DDN_May_2024 DDN May 2024 | Page 14



With the impact of synthetic drugs being realised across the UK , the APPG on Drugs , Alcohol and Justice dedicated its latest meeting to an escalating crisis . DDN reports

Steve Rolles , senior policy analyst at Transform , summarised the situation . The opioid market had been changing rapidly since the Taliban ’ s ban on opium production and destruction of Afghan poppy fields – which had previously accounted for 95 per cent of heroin in the UK . As opium could be stored for ten years , tons had been stockpiled , but prices had jumped up in the last six months and the stockpilers were cashing in . Alongside rising prices , purity had been falling and supply contraction was beginning to bite . Synthetic opioids were already filling the vacuum .

Fentanyls and nitazenes were of utmost concern as they were ‘ incredibly dangerous ’ – carfentanil was 10,000 times stronger than morphine and just a tiny amount of any of these drugs could be fatal . The ‘ cookie effect ’ increased the risk with such strong drugs – they were never mixed evenly so strength was not uniform across the batch . Furthermore , ‘ the market doesn ’ t just move to one drug – it mutates and
In New York City there are nine fentanyl deaths a day . ' What ’ s stopping this from happening in the UK ? Absolutely nothing .'
becomes very messy ,’ said Rolles . There were a ‘ whole bunch of variations ’ and the situation became confusing and chaotic . ‘ I ’ m genuinely scared ,’ he said . ‘ I ’ ve worked with colleagues in Canada and the US and have seen what has happened … there has been an absolutely terrifying level of death .’
MARKET TILT In Vancouver people weren ’ t able to get heroin that hadn ’ t been cut with fentanyl . An added complication was that people were actively seeking fentanyl – ‘ they like the rush and the euphoria and they don ’ t want to go back to heroin . They don ’ t want to put the cat back in the bag .’ In New York City there were nine fentanyl deaths a day . ‘ What ’ s stopping this from happening in the UK ? Absolutely nothing . Dealers are thinking “ why would we bother to ship from Afghanistan when we can manufacture a matchbox full ?” The legislation tilts the market towards drugs that are easier to manufacture .’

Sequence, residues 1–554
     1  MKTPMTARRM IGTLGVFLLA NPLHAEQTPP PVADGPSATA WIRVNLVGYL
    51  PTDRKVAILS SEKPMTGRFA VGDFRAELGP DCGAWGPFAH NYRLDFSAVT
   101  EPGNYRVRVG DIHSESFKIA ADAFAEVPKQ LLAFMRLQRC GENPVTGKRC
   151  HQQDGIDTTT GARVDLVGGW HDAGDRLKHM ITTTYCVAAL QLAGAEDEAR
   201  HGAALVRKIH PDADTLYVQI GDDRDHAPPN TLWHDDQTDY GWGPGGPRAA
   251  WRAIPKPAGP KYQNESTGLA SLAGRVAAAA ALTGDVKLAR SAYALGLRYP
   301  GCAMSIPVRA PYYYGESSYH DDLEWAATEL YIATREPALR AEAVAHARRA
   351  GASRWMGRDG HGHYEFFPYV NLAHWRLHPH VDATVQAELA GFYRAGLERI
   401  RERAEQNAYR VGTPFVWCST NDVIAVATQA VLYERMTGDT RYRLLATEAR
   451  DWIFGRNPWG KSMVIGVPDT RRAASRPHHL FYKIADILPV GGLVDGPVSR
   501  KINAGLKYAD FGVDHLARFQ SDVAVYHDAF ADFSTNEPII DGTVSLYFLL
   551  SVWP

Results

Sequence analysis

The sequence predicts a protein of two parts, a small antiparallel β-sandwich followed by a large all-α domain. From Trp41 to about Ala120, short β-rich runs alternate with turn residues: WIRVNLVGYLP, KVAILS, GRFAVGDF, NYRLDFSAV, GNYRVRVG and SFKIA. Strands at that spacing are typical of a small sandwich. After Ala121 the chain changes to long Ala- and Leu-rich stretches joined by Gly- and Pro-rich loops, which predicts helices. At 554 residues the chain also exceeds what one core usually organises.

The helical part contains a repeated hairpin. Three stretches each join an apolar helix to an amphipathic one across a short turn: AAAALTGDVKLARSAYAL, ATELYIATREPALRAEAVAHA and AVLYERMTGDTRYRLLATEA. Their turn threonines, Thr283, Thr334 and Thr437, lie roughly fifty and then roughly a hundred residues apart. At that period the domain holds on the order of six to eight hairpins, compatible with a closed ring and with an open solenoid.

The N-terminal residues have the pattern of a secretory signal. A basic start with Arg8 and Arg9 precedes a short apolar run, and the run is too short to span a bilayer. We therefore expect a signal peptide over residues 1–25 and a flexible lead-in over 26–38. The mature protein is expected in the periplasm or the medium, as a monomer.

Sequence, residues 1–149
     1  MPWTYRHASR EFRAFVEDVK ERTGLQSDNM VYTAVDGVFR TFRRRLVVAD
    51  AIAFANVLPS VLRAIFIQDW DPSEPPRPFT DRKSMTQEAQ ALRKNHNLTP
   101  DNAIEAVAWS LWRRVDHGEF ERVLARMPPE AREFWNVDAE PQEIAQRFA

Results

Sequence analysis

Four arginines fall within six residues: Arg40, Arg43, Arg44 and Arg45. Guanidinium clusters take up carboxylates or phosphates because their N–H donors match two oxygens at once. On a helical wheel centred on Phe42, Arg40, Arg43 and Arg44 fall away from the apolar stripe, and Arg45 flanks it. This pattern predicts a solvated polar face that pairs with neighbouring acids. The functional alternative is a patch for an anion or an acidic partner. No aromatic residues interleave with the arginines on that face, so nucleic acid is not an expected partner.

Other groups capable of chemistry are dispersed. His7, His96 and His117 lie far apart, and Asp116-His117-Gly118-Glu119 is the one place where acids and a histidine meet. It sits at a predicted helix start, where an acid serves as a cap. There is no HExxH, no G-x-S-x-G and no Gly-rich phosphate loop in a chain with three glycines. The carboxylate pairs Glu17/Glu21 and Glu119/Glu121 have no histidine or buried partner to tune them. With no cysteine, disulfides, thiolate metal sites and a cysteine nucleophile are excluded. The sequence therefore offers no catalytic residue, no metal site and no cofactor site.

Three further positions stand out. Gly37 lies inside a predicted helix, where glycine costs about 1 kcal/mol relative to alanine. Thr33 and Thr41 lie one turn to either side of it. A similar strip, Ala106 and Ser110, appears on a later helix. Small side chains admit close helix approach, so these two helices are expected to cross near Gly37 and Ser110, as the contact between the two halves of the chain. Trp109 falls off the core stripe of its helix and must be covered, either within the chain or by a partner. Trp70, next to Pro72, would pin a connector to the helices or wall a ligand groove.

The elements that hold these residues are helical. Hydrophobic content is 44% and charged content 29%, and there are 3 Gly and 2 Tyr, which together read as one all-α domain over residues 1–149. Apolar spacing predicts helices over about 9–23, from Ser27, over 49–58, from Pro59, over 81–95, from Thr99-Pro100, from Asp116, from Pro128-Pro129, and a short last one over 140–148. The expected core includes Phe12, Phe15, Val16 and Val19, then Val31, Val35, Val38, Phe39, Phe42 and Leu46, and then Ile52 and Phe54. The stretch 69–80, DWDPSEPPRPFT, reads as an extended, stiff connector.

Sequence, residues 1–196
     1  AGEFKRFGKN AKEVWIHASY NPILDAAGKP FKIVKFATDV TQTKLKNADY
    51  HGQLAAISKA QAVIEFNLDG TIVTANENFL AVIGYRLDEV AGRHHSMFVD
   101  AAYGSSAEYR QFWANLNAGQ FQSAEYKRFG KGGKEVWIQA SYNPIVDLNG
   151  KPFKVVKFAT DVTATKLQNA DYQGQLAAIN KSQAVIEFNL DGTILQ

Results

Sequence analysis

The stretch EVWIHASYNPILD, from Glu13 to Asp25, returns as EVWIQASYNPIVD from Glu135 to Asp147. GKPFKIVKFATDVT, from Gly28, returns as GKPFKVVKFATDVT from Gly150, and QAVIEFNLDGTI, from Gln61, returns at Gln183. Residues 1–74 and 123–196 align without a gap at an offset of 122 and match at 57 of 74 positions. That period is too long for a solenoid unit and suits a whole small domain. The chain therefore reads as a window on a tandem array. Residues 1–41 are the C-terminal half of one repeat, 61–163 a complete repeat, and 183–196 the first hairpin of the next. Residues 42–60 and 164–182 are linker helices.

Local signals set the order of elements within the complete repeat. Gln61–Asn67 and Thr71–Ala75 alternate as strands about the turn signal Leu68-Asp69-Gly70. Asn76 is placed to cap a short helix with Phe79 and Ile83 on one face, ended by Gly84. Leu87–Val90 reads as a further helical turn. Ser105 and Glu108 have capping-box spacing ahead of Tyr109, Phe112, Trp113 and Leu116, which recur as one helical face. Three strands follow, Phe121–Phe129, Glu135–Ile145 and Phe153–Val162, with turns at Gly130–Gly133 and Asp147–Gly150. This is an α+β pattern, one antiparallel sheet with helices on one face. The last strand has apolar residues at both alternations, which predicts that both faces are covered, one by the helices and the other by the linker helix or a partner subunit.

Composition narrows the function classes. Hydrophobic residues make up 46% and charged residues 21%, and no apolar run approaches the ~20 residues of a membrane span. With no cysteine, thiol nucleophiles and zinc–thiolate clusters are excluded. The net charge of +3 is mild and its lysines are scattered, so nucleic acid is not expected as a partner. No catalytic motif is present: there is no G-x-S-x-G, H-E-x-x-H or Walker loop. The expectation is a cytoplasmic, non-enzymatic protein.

Rolles could see drug-related deaths in the UK doubling , trebling or quadrupling in a few years , ‘ or it could happen much faster ’. There were already about three nitazene deaths a week and we were ‘ looking down the barrel of a public health emergency ’. Current planning was ‘ woefully insufficient ’ and there needed to be new money and political commitment . ‘ I worry that we ’ ll have to have a big pile of dead bodies before anything happens ,’ he said . ‘ No one ’ s taking this as seriously as we should be .’
He recommended an emergency harm reduction plan that included drug-checking in every city and town , with test strips available for different drugs . Supervised drug consumption facilities should also be rolled out nationally and didn ’ t need to be multi-million pound units . Harm reduction advice needed to be realistic and relatable – and include housing environments for semi-supervised use , innovative prescribing options , and increased availability of naloxone .
In terms of political strategy , we had ‘ to speak with a collective voice ’ – experts together with people with lived experience – and avoid ‘ partisan polarisaton ’. We should lay out what was needed and how much it would cost , and act now . ‘ We also need to be absolutely clear that there is no enforcement solution ,’ he said . ‘ Banning drugs and increasing sentences and border seizures are all entirely ineffectual … organised crime doesn ’ t care if it ’ s illegal .’
ESCALATING SUPPLY ‘ The amount of drugs out there is escalating rapidly ,’ said Dr Adam Holland , co-chair of the Drugs Special Interest Group at the Faculty of Public Health . Not